The FMLA has many requirements that both employers and employees are required to follow in order to comply with this important federal law. One of those requirements involves submitting appropriate paperwork with regard to FMLA requests for leave. In a recent case against Conagra Foods, food packaging giant, the court addressed the consequences of an employer extending the deadline for submitting FMLA paperwork and then failing to honor that extension.
Shoemaker v. Conagra Foods, Inc.
In a recent case decided in early November, an employee requested FMLA leave and her employer gave the employee an extension to submit her doctor’s certification. The employer then failed to honor the new deadline and terminated the employee for violating the employer’s attendance policy. The district court in Tennessee denied the motion for summary judgment filed by the employer and held that, by doing so, the employer may have violated the employee’s rights under the FMLA. As a result, the employee’s FMLA interference and retaliation claims are being allowed to go to trial.
Failure to honor extension
According to Shoemaker’s lawsuit, she tried to enter the workplace after returning from FMLA leave but her I.D. card would not work. After contacting Human Resources, she was told that she had exceeded the attendance limits under company policy. Shoemaker responded that her absences were covered under the FMLA. She was then instructed to “get things fixed by Monday [June 18].” Indeed, the employee already had a certified letter sent to her by her employer, imposing the same deadline.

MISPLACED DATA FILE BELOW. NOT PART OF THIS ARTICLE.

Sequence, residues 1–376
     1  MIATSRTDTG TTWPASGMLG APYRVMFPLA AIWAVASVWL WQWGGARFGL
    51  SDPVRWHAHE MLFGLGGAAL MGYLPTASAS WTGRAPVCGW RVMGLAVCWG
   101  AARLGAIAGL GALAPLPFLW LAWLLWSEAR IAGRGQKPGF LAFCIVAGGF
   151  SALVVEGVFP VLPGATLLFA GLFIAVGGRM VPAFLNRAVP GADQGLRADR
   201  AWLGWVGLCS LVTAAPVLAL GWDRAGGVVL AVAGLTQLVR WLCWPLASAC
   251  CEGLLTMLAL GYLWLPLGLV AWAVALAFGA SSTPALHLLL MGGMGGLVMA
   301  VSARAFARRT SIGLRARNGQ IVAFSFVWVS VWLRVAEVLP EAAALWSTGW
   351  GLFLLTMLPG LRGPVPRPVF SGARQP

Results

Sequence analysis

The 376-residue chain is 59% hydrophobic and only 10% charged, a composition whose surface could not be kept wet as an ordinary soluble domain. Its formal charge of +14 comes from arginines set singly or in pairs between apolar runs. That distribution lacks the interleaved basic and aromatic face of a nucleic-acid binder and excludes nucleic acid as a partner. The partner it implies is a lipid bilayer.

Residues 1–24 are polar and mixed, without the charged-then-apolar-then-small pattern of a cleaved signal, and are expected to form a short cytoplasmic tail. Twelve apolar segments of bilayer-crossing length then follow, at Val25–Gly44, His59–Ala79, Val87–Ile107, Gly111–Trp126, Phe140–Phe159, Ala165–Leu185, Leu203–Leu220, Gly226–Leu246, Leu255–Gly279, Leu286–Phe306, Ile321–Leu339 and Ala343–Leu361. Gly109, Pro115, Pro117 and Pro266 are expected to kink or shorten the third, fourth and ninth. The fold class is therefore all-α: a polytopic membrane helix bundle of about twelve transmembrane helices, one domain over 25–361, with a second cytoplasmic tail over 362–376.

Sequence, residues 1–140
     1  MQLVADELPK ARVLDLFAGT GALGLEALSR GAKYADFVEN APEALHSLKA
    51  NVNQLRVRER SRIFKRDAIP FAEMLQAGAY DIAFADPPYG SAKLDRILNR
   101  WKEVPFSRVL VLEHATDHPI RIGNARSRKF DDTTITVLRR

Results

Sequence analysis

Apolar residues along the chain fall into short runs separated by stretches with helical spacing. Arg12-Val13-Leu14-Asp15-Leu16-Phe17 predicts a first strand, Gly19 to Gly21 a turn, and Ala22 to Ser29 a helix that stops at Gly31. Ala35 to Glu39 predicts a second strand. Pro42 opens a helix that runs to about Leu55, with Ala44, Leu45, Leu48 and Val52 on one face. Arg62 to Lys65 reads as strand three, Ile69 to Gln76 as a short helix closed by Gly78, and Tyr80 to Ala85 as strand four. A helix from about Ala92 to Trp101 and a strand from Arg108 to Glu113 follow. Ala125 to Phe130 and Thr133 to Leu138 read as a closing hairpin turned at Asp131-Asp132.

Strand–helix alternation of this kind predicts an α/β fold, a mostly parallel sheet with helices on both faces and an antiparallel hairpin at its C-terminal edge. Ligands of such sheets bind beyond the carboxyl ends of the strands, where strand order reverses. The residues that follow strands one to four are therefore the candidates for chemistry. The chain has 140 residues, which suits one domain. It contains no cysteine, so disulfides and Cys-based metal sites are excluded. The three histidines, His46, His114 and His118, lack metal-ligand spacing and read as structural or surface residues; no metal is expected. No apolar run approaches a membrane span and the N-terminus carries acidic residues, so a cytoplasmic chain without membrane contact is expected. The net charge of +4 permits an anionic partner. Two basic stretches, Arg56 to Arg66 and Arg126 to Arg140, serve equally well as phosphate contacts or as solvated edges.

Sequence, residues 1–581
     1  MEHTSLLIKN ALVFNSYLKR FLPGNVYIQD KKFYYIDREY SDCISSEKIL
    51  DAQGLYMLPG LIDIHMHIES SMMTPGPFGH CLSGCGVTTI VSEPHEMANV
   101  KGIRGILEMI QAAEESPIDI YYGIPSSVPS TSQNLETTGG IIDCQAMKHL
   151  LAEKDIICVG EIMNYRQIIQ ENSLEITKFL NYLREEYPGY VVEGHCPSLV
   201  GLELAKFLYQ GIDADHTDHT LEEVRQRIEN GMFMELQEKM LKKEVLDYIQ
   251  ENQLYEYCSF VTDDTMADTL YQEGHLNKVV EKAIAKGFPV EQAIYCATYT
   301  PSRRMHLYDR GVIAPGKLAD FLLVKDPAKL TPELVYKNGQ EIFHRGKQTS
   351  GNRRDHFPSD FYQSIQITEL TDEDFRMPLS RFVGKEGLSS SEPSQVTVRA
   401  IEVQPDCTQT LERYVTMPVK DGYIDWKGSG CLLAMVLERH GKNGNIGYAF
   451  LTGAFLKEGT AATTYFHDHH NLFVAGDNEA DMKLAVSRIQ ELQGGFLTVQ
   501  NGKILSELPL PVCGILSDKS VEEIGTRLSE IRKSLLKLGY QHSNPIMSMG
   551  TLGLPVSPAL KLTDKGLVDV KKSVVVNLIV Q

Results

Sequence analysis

The employee immediately requested an amended FMLA medical certification, which she submitted to her employer before the June 18 deadline. Regardless, Human Resources refused to approve one of those certified absences as FMLA leave. The only reason given for denying coverage for that absence was because the certification was not received within the normal 30-day time period.
Claims of FMLA interference and retaliation
Shoemaker filed a lawsuit claiming that, in refusing to honor the deadline it gave her, Conagra Foods interfered with her right to FMLA leave and retaliated against her for taking said leave. Her employer asserted that she misunderstood the deadline by assuming it applied to absences outside the normal deadline. However, the trial court decided that Shoemaker’s interpretation of the statement from Human Resources was clearly a reasonable one. Ultimately, the jury would need to decide whether the deadline for submitting the FMLA certification paperwork was meant to apply to her April absence too. If they do, then the company’s failure to honor its own extended deadline could be considered interference with her FMLA rights and possibly retaliation for exercising those rights.
If you feel you have been the victim of discrimination or retaliation based on the FMLA or any other federal employment protections, or if you have any questions regarding your employment rights, please contact Wrady & Michel, LLC, either online or by calling us at (205) 265-1880.